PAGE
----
Published: Mon, July 24, 2017
Health Care | By Jeffery Armstrong

Charlie Gard: Parents face 'backlash' over hospital threats

Charlie Gard: Parents face 'backlash' over hospital threats

It comes after Great Ormond Street Hospital revealed that doctors, nurses, and patients' families were being harassed, abused, and sent death threats over the Charlie Gard case.

The most recent scans of Charlie's brain, which were presented as "sad reading" in a pre-court hearing before his parents were even apprised of the results, caused another courtroom outburst from Gard: "I'm not f*****g listening to this biased s**t anymore".

Specialists at Great Ormond Street say the therapy is experimental and will not help.

A British court is expected to decide next week whether baby Charlie can be taken to the U.S. for treatment after other British and European courts said the infant's life support should be ended so that he can die with dignity.

Charlie has a rare genetic condition that causes progressive muscle weakness and brain damage.

Charlie's parents Chris Gard and Connie Yates are campaigning for their son to be allowed to undergo a therapy trial overseen by a specialist in NY.

"The GOSH community has been subjected to a shocking and disgraceful tide of hostility and disturbance".

Parents visiting their seriously unwell children have also been harassed, including on the grounds of the hospital itself, she said.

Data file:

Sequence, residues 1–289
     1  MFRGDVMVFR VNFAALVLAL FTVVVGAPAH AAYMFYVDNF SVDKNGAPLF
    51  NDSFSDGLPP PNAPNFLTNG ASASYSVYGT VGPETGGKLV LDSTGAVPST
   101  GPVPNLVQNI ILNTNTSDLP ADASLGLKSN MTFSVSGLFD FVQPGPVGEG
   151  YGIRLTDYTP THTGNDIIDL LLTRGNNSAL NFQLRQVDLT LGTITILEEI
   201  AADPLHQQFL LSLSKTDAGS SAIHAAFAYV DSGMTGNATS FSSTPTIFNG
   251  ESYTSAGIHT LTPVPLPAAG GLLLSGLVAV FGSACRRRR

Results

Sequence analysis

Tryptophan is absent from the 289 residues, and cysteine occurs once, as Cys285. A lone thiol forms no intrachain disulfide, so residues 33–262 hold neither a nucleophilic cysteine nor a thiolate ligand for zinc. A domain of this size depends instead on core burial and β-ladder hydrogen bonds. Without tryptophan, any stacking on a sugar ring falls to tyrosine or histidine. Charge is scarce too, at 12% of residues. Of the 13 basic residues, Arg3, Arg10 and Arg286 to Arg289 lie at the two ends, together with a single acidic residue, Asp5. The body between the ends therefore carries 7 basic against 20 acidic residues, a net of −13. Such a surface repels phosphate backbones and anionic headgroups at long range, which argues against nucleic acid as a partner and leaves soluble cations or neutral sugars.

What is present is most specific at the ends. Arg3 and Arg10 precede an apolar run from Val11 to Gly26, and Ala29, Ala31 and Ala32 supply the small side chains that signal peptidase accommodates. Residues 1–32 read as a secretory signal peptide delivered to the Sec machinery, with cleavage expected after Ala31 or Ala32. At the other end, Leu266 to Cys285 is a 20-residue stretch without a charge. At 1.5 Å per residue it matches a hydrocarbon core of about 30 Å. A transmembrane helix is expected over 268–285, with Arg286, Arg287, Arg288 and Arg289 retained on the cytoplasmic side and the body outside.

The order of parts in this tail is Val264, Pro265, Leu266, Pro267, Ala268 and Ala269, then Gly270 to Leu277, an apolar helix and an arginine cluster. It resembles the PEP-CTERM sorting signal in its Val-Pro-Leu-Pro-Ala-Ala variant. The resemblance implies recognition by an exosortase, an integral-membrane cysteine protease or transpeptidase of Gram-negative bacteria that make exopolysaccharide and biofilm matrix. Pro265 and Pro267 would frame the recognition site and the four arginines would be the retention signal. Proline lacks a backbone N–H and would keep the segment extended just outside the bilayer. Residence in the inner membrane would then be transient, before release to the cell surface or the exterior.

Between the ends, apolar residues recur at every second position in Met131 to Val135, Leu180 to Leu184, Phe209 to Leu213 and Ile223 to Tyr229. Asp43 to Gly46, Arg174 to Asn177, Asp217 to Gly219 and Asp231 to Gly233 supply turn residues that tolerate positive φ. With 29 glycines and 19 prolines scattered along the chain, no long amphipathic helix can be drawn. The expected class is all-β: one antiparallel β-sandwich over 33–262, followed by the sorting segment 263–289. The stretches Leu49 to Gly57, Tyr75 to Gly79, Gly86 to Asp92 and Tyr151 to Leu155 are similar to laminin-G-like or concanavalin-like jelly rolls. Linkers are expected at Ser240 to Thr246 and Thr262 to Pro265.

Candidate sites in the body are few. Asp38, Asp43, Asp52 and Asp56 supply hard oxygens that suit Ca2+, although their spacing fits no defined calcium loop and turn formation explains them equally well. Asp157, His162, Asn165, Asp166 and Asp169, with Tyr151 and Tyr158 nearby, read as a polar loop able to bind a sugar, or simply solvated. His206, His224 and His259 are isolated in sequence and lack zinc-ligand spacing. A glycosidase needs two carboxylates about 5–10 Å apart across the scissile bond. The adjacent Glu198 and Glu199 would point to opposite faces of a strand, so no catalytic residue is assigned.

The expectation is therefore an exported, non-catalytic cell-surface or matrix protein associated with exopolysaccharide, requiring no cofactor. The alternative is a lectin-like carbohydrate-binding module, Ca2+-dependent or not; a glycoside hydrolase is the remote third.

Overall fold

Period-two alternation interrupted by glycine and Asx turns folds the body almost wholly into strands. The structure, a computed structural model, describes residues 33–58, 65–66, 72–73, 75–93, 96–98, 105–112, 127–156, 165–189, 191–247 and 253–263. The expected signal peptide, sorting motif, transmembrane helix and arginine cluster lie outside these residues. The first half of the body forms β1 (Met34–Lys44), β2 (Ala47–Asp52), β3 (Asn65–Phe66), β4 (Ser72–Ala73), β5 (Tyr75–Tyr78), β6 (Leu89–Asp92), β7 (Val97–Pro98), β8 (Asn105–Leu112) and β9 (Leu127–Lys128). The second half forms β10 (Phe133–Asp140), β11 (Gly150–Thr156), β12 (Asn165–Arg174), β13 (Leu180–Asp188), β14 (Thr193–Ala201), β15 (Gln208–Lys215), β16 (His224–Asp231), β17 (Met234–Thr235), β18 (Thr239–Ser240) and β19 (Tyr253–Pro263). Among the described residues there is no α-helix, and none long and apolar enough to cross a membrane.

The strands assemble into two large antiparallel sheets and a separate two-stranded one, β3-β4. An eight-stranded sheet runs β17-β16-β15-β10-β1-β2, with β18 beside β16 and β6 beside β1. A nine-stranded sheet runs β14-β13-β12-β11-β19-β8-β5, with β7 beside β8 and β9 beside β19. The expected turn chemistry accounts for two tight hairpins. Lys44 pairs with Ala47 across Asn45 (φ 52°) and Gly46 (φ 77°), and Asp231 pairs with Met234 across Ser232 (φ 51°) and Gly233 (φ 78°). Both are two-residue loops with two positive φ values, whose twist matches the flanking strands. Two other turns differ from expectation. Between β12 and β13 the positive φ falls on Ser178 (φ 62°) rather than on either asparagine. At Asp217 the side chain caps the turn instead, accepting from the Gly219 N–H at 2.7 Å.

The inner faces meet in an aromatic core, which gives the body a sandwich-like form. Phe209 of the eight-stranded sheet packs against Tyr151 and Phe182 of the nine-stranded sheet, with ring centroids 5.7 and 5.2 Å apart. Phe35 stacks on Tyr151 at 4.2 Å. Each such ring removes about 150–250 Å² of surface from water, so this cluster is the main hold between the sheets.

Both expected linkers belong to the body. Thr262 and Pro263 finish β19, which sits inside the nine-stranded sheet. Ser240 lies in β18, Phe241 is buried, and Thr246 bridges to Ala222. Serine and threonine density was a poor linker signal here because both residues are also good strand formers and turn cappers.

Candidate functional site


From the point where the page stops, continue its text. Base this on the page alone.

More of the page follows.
In a statement, she said numerous messages were menacing, including death threats, and that the hospital was in close contact with the police.

In a statement, Mr Gard said: "Without the excellent care of the doctors at GOSH [Great Ormond Street Hospital] our son would not even be alive and not a day goes by when we don't remember that".

The court is expected to rule next week whether or not 11-month old Charlie can be taken to the United States for experimental treatment.

The Gards, whose case is being followed by US President Donald Trump, were last week granted legal and permanent residence by the US Congress in order to pursue the experimental treatment.

British and European courts have so far backed the doctors' position, ruling that transferring Charlie to the USA would prolong suffering without a realistic prospect of success.

Mary MacLeod, chairman of the hospital, said in a statement: "Charlie Gard's case is a heart-breaking one. We fully understand that there is intense public interest, and that emotions run high", she added.

On Monday and Tuesday, Dr. Michio Hirano, a neurologist from New York's Columbia University Medical Center, met with doctors caring for Charlie and other experts and evaluated the boy in London.

Friday's hearing was the first time his parents were told about the latest results in the crucial test of Charlie's brain function.

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